About Larry

A stranger named Larry broke my heart on Friday. And nearly every time I looked at his picture I felt sad.

While New York City has been known to callous someone, it has been known to bring out moments of compassion as well. New York City is a canvas of faces; each person is a unique color. Each person wears his or her own sorrow and pain and happiness differently. Each person ponders his or her day differently. And I think that if we just take a moment to see some of them, we’ll realize that through all our differences our underlying emotions are very much the same.

Have you ever barely met someone? Have you ever passed a person on the street and met their glance? Have you ever watched someone as they waited in line at a grocery store, or as they ate lunch in a park, or read a newspaper over a cup of coffee as they waited for the bus and caught a glimpse of their life? I use the word “glimpse” because sometimes the interaction takes place in under a minute. But it’s more important than that. Sometimes, during these tiny minutes, I feel like I have a most distinct understanding of who they are, not all that they’ve gone through in life, but perhaps what was left over. Maybe.

I approached Larry while he read the New York Post. He had curly hair, which grew tall on his forehead. He had warm eyes. He greeted my gaze with more care and ease than many of those I know. He was easy to talk to. I asked him if he’d mind being in a picture for a project I’ve been working on. He very much obliged. He said, “The New York Post? Absolutely. Absolutely.” That was all. Just, “The New York Post? Absolutely. Absolutely.” He positioned his body in the chair so it turned toward me. His suit was neatly pressed, his briefcase lie on the table before him. He smiled. His eyes beamed. Suddenly, I wanted to be someone really special. Not just some girl in a park with an expensive camera. I wanted to be Henri Cartier Bresson, an AP photographer for the New York Times. I wished I were Diane Arbus. I wanted to be someone who could actually do something for Larry, someone with clout, someone who would see to it that Larry’s picture ended up on the cover of The New York Post.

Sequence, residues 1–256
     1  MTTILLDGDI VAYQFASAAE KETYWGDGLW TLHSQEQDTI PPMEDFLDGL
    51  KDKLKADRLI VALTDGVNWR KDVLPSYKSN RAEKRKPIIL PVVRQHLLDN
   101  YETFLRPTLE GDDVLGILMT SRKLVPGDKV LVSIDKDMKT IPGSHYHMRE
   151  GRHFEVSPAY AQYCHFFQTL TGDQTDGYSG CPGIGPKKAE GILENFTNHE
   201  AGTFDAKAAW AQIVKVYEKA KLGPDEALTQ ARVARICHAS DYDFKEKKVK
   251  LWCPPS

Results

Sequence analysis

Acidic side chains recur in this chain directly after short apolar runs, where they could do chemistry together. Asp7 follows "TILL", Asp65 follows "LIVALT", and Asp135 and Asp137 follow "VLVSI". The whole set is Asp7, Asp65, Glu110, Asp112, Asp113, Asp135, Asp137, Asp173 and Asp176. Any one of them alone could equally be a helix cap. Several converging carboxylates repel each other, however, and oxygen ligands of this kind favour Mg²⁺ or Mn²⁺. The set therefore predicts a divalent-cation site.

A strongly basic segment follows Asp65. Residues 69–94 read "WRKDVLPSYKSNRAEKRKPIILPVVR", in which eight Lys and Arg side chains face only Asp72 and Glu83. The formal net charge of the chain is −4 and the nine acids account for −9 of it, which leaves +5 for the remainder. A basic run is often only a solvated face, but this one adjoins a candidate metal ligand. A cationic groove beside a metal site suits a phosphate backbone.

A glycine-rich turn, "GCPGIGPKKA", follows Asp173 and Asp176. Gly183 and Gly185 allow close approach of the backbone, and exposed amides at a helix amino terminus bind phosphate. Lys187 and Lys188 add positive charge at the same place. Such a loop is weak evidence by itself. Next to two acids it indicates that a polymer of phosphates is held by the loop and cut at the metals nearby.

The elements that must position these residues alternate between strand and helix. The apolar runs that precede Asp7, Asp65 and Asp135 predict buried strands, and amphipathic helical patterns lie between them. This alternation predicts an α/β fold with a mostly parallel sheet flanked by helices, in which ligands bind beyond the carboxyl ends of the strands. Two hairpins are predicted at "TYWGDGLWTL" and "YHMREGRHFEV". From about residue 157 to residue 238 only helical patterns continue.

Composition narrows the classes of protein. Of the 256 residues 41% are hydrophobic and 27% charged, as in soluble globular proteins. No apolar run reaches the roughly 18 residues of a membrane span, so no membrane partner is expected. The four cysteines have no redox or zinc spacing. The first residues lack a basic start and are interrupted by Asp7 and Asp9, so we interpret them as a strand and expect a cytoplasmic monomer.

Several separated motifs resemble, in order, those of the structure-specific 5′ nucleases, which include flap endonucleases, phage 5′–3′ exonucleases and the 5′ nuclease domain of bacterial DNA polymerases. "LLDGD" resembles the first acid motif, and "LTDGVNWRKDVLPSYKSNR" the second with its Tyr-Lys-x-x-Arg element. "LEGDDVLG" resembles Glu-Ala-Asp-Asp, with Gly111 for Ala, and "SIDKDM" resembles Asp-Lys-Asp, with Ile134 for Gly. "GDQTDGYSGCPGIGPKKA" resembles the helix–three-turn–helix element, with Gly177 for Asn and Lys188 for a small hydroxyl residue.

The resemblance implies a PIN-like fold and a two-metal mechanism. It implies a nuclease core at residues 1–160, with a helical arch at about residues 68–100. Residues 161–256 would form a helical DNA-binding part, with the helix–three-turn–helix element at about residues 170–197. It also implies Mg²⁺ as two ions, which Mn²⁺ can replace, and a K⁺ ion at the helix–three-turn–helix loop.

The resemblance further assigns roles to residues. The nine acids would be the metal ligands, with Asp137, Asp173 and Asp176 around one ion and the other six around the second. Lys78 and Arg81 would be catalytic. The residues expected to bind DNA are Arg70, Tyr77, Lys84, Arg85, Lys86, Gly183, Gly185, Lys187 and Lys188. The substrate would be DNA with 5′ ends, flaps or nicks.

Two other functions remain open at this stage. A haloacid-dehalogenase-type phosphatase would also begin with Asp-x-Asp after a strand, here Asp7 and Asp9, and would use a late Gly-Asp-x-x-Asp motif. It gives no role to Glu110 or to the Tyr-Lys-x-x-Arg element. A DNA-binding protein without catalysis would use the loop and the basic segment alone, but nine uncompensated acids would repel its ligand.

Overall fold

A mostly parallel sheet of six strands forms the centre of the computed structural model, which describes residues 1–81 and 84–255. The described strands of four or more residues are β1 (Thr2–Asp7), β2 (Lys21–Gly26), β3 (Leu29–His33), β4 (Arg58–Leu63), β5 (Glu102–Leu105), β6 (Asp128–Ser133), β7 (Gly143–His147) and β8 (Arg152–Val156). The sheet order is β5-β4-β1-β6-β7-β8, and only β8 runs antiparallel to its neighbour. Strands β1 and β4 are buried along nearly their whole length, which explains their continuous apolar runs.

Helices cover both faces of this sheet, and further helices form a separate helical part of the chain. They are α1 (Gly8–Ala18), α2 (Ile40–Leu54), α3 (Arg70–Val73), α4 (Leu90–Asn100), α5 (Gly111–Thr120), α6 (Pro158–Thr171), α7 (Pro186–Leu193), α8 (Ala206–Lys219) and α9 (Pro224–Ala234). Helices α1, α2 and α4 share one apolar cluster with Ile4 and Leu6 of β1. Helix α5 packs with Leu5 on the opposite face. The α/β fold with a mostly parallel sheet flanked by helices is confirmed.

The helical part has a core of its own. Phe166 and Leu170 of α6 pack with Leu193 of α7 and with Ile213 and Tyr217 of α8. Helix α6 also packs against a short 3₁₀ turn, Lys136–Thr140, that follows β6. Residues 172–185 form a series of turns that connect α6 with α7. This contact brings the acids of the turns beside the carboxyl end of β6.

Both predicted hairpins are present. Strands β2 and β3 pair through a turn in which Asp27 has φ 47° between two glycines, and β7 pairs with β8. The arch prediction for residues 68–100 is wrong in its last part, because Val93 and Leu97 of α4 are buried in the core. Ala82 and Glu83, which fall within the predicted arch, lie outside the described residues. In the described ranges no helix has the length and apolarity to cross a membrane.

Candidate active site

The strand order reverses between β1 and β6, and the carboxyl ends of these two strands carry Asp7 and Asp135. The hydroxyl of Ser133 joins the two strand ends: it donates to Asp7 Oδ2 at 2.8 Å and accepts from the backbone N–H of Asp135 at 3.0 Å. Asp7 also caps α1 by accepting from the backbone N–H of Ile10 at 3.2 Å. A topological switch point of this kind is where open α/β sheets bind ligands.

But I was just me. I was nothing. I was a girl who walked up to Larry in a park and interrupted him so I could take a picture for an online art project. Why couldn’t I have been there with a better opportunity for Larry? Why couldn’t I make him really happy?

There are these people I see every day. Sometimes I walk by them without a thought. Sometimes I barely notice them at all. Sometimes we bump into one another. Sometimes I say something to them. Sometimes I don’t. Sometimes they repeatedly break my heart and I spend the majority of my day trying to repair it.

This is Larry. Larry did that to me. Larry broke my heart. And I’m starting to feel sad all over again. And now it’s Monday.

6 Comments

  1. I am asking myself several questions today.

    1). Are New Yorkers lonely? (Bruce made me feel sad, too. Actually a lot of the people I have shot thus far have a certain amount of sadness to them.)

    2). Do people who seem sad read The Post? (This is absurd but I had to put it in here.)

    3). Do I approach the sad people? Similarly, do the sadder folks agree? (I don’t think this could be the case because until Larry spoke to me, I didn’t think he looked sad.)

    4). Am I mistaking sadness for kindness?

    I am sure there are more questions. I guess I’m blue today. So, if someone were to come up to me and speak to me on the street they’d probably write something similar on their blog about it. Who knows, perhaps Larry did.

    Reply

  2. moved. i am moved. and maybe they did that to you too.
    if you need cheering up and im not saying you do, (i personally like feeling on the verge of tears sometimes. just not for the same reasons as most), might i suggest watching or re-watching ‘chunking express.’ your whole post made me think of it.
    how we pass people everyday and never know how close(our conditions, the ‘condition’) we really are…

    Reply

  3. Never saw it. I will, Heather. And by the way, I kinda enjoy the feeling too. Are we sick? hahah

    don’t answer that.

    Reply

  4. maybe. theres nothing wrong with being affected by everyone you meet (or even see). its called ‘empathy’ i think.
    i think i read that in some greek poem once.i just find other people way more intriguing than myself or my job or whatever shit im coping with at present.
    i worry that, should i ever become ‘fulfilled’ or whatever, that i may just stop seeing all the people around me. and that would be sad. so you know, im lonely and miserable by choice, man. by choice. (haha).

    Reply

  5. I’m pretty certain that no matter how good I have it, no matter how fulfilled I am, I’ll never actually realize it.

    Reply

  6. I think you truly made Larry’s day. He’s beaming.

    Reply

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